"If not addressed comprehensively, the problems of accumulating hazardous materials generated by and used in high-tech manufacturing and e-waste risk undermining the ecological sustainability of affected communities worldwide."—Elizabeth Grossman, environmental journalist and author.
Elizabeth Grossman, High Tech Trash: Digital Devices, Hidden Toxics, and Human Health. Washington, DC: Island, 2006, p. 263.
In fact, one of the most dangerous types of hazardous waste in the illegal stream today is e-waste, which is rapidly increasing around the world as wave after wave of technology floods the consumer markets. But developed nations have not devised adequate strategies for dealing with these electronic wastes, so much of it ends up in developing countries, where it contaminates water, soil, and air. As author Elizabeth Grossman explains:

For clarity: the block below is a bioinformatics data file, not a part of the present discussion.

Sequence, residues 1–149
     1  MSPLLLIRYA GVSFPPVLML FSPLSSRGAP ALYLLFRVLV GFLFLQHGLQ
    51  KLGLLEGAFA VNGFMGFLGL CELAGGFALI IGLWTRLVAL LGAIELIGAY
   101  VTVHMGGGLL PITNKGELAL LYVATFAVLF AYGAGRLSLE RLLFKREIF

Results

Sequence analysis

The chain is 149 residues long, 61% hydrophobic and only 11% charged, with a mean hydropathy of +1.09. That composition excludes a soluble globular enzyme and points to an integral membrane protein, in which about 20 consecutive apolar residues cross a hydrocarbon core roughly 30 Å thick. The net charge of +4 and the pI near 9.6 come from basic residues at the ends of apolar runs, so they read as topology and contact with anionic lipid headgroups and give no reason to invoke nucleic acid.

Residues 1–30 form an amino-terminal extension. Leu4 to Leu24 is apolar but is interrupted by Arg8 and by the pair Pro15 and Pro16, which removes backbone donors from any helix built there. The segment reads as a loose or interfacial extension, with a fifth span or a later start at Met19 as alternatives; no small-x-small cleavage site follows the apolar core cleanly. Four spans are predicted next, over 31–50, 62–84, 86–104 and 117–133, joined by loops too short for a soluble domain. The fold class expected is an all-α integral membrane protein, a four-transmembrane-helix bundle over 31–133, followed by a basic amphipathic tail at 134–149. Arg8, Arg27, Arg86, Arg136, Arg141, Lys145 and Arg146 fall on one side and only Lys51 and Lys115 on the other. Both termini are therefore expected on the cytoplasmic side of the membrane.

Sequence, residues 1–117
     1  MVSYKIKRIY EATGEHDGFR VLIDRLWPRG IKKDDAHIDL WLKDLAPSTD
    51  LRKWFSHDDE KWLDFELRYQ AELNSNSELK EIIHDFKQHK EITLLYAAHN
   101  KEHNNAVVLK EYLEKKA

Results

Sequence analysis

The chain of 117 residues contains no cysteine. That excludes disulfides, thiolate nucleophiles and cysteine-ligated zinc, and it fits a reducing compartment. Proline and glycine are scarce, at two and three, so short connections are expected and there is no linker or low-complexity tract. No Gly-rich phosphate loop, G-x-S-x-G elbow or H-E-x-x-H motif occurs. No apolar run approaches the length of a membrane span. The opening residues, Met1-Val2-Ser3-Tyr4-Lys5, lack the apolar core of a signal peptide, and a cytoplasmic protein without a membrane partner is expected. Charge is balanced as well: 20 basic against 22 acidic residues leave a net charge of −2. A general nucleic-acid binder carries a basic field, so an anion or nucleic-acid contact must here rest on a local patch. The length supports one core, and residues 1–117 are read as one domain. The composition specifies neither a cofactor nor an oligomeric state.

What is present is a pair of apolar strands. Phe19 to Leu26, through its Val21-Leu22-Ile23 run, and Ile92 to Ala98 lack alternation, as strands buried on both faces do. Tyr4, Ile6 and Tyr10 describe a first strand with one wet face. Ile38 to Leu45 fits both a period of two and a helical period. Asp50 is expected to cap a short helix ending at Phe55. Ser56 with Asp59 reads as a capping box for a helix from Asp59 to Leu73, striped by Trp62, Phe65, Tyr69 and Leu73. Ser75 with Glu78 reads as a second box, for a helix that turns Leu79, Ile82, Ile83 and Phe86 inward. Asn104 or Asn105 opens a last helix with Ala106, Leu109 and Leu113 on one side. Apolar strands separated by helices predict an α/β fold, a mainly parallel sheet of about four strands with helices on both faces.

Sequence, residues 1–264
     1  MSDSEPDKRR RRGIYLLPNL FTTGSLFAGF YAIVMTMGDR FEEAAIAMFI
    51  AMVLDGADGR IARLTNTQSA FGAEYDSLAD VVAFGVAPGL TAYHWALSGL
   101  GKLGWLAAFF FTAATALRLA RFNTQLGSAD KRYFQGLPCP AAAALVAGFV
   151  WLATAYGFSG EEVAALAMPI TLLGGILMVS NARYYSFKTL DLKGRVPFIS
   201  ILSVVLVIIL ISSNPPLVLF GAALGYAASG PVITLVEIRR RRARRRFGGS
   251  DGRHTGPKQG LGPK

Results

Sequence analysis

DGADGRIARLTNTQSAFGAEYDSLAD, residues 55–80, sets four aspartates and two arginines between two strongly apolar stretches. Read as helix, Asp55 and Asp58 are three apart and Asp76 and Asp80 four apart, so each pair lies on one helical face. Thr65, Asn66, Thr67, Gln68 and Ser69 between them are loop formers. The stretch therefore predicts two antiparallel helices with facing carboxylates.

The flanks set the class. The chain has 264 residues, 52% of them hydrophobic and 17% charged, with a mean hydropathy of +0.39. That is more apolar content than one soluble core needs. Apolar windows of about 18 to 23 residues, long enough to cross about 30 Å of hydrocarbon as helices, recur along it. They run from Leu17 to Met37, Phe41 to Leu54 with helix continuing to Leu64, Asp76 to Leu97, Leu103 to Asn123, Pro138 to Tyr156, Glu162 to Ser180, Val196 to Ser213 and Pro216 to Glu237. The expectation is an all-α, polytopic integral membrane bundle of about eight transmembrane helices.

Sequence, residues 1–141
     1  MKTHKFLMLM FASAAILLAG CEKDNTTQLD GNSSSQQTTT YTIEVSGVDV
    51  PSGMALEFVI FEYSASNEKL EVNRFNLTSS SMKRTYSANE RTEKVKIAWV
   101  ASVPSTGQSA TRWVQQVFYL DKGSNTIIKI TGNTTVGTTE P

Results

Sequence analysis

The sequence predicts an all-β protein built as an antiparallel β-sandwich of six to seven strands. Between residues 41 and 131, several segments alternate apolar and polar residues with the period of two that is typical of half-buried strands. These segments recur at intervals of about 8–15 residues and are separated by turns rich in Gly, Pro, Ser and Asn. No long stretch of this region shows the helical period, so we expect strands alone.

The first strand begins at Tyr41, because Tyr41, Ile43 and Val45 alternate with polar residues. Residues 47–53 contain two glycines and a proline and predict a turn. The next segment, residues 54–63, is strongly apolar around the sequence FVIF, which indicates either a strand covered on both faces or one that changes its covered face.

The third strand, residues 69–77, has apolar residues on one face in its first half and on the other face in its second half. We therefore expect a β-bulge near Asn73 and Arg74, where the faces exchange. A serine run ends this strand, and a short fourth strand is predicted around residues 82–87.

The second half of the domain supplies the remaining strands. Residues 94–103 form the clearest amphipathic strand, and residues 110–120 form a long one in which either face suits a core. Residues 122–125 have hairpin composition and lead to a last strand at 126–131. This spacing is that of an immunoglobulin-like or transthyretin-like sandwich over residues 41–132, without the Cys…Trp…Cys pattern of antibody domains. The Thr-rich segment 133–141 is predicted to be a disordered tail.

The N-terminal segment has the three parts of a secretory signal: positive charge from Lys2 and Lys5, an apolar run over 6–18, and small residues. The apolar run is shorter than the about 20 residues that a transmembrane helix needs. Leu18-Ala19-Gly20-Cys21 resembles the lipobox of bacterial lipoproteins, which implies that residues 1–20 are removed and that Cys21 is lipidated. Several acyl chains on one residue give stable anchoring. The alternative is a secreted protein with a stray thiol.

Over the past two decades or more, rapid technological advances have doubled the computing capacity of semiconductor chips almost every eighteen months, bringing us faster computers, smaller cell phones, more efficient machinery and appliances, and an increasing demand for new products. Yet this rushing stream of amazing electronics leaves in its wake environmental degradation and a large volume of hazardous waste.45
According to some environmental advocacy groups, the United States is one of the worst offenders, exporting large amounts of hazardous e-waste to places such as China, India, and Pakistan.
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